Say something about yourself!
The trick to reading this very good book and not having a possible negative reaction (which is obvious in the varying reviews) is to refrain from judgements of the author, if possible, and just be enveloped in the story. Because, if you can avoid being infected by the candid and bitter details of a disappointing marriage--(the kind of inner and not so flattering feelings one usually shares only with their oath-sworn-to-patient-privacy shrink)--you will experience sensuous settings in far off places, refine your inner gastronome with exotic foods you've never heard of before, and almost taste "that lamb" as it sizzles over the rosemary scented fire. It really is a lovely epicurean trip that makes me want to lick my fingers as I recall some of the fare, and I could spend a day just conjouring up images of that castle/farmhouse, the meadows, orchards, and streams, the French ballet dancer mother with her omnipresent apron, the artistic bohemian father, the Italian villa, Rome by night--all the perfect ingredients.
The personal details are inarguably prickly; I found them uncomfortable yet brave admissions that lend authenticity to the story of this very authentic person. Coming from Hell's Kitchen tyrant Gordon Ramsay, or bad-ass Anthony Bourdain, the snarkyness would probably be expected and overlooked, like a mint leaf on mousse.Hamilton writes like she cooks and like she lives: committed, authentic, undiluted, without pretense...and that takes bravery--the kind of bravery one would expect from a young girl that can set off with a back pack and a little over $1,000 on a solo trip around the world. My opinion is that her narration lends a bit of personal revelation, which adds to the story. Glad I got around to this one.
No chest-pounding or self aggrandizement -- a just-the-facts vivid accounting of the raid on terrorist Osama bin Laden's compound in Abbottabad, Pakistan, by a member of Seal Team Six, who along with the 160th Special Ops Airborne successfully carried out Operation Neptune Spear in May 2011. Owen begins with his order to report for a covert mission, he doesn't attempt to explain the political process leading up to the raid, nor does he expound on the military state of affairs; no sensationalized secrets or insider's look at military procedures. Owen does express his feelings towards Pres. Obama related to this incident and the release of information surrounding the event, but this is not a political book (although there will undoubtedly will be blowback).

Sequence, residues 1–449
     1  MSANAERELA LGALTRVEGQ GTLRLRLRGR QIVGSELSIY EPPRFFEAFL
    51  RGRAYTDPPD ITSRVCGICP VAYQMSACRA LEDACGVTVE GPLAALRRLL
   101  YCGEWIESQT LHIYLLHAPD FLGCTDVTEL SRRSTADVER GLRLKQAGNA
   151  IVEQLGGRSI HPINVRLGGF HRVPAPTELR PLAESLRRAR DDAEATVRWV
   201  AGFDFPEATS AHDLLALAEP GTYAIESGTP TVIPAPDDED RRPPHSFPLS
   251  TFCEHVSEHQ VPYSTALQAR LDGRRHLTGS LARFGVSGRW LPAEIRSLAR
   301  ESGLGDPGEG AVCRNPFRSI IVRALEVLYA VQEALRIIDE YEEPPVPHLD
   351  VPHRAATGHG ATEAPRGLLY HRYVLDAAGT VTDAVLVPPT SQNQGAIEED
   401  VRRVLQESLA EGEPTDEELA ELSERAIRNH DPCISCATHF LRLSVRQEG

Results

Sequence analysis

No Easy Day is looking at the physical raid through Mark Owen's eyes; how do you rate or compare to anything when it's an account of an exceptional personal experience -- how do you get better than a participant's view? It is absolutely riveting hearing the minutes before the mission-start counted down, hearing about the helicopter crashing to the ground, walking blindly down the corridors of the compound; and it is spine-tingling imaging standing in the courtyard waiting for the pick-up, hoping to beat a missle launch any second to your back. It is a first rate accounting (and daring - observing the heated controversy about this release) of an unimagineably tense mission. Like another reviewer, I also have close ties to some Spec-Ops members and their families, and know first hand that their self sacrifice and bravery is without par; this book sheds some light on this rare breed...the apogee of bravery and patriotism. I don't believe interest in this book is a case of public rubber-necking, but rather it shows the public's interest in understanding, and the quest for truth.
Of the books I've read about this war and Seal Team Six, Marcus Luttrell's Lone Survivor remains my top pick for a book that tells a personal story of bravery and patriotism with both integrity and class. But Owen's story is an exceptional account of an historic event unlike anything else, and, I have to hand it to him for brushing off personal glory, choosing instead to praise his Team mates. A captivating account of a harrowing military operation; Holter Graham is good with the narration and keeps it feeling real and not overly editted.
Super fun, bright and refreshing. Jenny Lawson is like your best friend/alter ego with no filter, ADHD and a blogging problem who says the things that you are embarrassed to even think about. I loved every minute of it.